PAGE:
Inform Couples Programme

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Summary

A programme for couples who are seeking to rebuild their relationship following arrest/conviction of a partner for sexual offences committed online. It utilises a strengths-based theory and includes a ‘New Life Plan’ and relapse prevention strategies.

Type of intervention

Family work

Target groups, level of prevention and subgroups

  • (Potential) Offenders | Tertiary prevention | Adults (21+ years) | Male and female | Family work | Internet-specific
  • Communities and Families | Tertiary prevention | Adults (21+ years) | Male and female | Family work | Internet-specific

Target population

Couples where one partner has been viewing illegal images of children or committing other sex offences online. The offending partner may have been convicted or awaiting the outcome of a police investigation or court case, but the person’s online behaviour should be known to the authorities. This partner should also ideally have attended a Lucy Faithfull Foundation Inform Plus Course or an intervention (this can include counselling) which has focused on the illegal online behaviour. The programme can be a kick start intervention, prior to engaging in longer therapeutic options.

Delivery organisation

This programme is delivered by child protection charity, The Lucy Faithfull Foundation, UK.

Mode and context of delivery

Whilst following a general outline, the programme can be adapted to the unique needs and dynamics of the couple taking part on the course. The content of the programme will inform and culminate in a New Life Plan which the couple will negotiate together. The New Life Plan is underpinned by strengths-based theory (Jenkins, 1990; Marshall et al., 2011; Turnell and Edwards, 1999; Ward and Maruna, 2007) which posits that re-offending is less likely to happen if the person is living in a genuinely mutually satisfying relationship with a partner in which needs and desires are met pro-socially, as opposed to anti-socially by offending. Relapse prevention strategies (Pithers et al., 1990) are also included in the plan, with the couple agreeing on safe boundaries, signs of risk and what should happen if signs of risk emerge.

Level/nature of staff expertise required

Staff members should be professionally qualified as social workers, probation officers, psychologists or the equivalent, or hold a recognised counselling qualification up to diploma level. In addition, staff members should either have experience of delivering couple counselling or other interventions to couples. Staff members should also have experience of child protection issues, with particular experience of working with individuals and families to reduce the risk of and protect from sexual offending.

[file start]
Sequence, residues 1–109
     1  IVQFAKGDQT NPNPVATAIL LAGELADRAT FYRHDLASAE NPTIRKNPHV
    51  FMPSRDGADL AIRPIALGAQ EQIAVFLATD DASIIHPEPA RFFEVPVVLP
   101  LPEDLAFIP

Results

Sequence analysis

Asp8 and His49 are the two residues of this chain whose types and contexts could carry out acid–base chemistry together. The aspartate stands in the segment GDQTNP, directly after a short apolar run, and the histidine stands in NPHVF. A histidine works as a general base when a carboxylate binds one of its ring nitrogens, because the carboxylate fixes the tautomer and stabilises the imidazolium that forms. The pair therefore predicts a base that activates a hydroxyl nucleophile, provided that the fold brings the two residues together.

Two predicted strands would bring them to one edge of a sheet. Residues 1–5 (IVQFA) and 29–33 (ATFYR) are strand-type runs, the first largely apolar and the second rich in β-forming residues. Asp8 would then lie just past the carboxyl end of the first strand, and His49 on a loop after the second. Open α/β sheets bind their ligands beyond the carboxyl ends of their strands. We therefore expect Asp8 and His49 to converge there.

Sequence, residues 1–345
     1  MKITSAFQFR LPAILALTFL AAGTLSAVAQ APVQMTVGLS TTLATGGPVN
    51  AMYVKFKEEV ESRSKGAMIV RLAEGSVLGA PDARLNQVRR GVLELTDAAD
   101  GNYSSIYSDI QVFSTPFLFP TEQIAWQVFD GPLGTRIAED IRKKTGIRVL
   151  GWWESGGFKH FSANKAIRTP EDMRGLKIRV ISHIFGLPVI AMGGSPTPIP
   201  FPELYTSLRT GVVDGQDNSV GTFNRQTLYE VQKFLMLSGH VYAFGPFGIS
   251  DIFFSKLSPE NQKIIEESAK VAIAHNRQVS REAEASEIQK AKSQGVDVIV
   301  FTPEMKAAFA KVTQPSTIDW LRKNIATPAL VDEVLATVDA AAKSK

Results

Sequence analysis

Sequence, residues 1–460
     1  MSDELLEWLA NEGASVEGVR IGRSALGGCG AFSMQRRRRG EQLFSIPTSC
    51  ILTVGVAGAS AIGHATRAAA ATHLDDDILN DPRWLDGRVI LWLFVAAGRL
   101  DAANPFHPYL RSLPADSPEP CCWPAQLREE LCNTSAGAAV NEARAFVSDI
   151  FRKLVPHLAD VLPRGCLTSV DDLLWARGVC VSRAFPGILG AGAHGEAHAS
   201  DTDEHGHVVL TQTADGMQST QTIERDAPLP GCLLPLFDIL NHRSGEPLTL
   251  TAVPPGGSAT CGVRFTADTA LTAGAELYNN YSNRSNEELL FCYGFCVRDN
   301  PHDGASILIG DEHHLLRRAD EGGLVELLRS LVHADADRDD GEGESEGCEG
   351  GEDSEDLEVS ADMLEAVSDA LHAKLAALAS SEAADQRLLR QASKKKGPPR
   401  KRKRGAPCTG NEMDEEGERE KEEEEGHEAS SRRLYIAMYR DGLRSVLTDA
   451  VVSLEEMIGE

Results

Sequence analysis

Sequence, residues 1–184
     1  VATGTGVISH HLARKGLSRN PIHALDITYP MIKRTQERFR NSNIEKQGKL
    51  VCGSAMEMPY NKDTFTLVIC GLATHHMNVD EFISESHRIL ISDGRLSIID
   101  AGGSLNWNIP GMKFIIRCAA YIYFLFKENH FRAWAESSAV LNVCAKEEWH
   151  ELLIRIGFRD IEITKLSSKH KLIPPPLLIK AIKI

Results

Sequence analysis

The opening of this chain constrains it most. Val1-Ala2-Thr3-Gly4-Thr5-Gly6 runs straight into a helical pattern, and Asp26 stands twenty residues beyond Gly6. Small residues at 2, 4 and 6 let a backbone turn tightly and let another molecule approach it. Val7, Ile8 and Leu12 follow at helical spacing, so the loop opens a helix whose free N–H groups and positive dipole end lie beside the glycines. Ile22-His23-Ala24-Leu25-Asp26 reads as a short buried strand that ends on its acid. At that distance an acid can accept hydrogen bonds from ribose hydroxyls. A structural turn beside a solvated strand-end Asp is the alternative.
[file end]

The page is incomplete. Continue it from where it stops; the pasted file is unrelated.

Intensity/extent of engagement with target group(s)

The 10 hour programme is usually delivered over two intensive five hour days, broken up into one two hour session and one three hour session each day. However, the programme can also be spaced out over four separate sessions.

Description of intervention

Adapting to life after it has been discovered that a partner has been viewing illegal images or has been involved in illegal online sexualised behaviour is a significant challenge for most couples. Couples are usually faced with renegotiating their relationship, in the light of the non-offending partner having to monitor future risk. The following programme is designed to enable couples to develop greater transparency and respect in their relationship, whilst exploring how they can enjoy increased mutual satisfaction in their life together.

Day 1:

  • 11am to 1pm - feedback on how recent changes have impacted on the relationship and how each partner wants relationship to progress
  • 2pm to 5pm - historical course of the relationship and identifying strengths and tensions to be resolved

Day 2:

  • 10am to 2pm - exploring how each partner wants the other to change and if and how this can occur
  • 12pm to 1pm - emotional challenges for the couple with regard to the non-offending partner having to monitor risk, how resentment can be avoided and mutual respect and trust enhanced
  • 2pm to 4pm - negotiating and agreeing a New Life Plan, including how safe boundaries can be established and what should happen if signs of risk begin to emerge

Evaluations

Each partner completes a course evaluation form at the end of the course.

References

  • Jenkins, A. (1990) Invitation to Responsibility. Adelaide: Dulwich Centre Publications
  • Marshall, W.L., Marshall, L.E., Serran, G.A., O’Brien, M.D. (2011) Rehabilitating Sexual Offenders: A Strengths-Based Approach. Washington: APA Books
  • Pithers, W.D. (1990) ‘Relapse prevention with sexual aggressors: a method for maintaining therapeutic change and exchanging external supervision’, in W.L. Marshall, D.R., Lewis and H.E. Barbaree (eds) The Handbook of Sexual Assault: Issues, Theories, and Treatment of the Offender. New York: Plenum Press.
  • Turnell, A. and Edwards, S. (1999) Signs of Safety: A Solution and Safety Approach to Child Protection Casework. New York: Norton.
  • Ward, T. and Maruna, S. (2007) Rehabilitation: Beyond the Risk Paradigm. London and New York: Routledge

Contact details

Lucy Faithfull Foundation
Email: contact@lucyfaithfull.org.uk
Telephone:  01527 591 922
Website: www.lucyfaithfull.org.uk

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INFORMATION CORRECT AT JANUARY 2021

RATING: Pioneering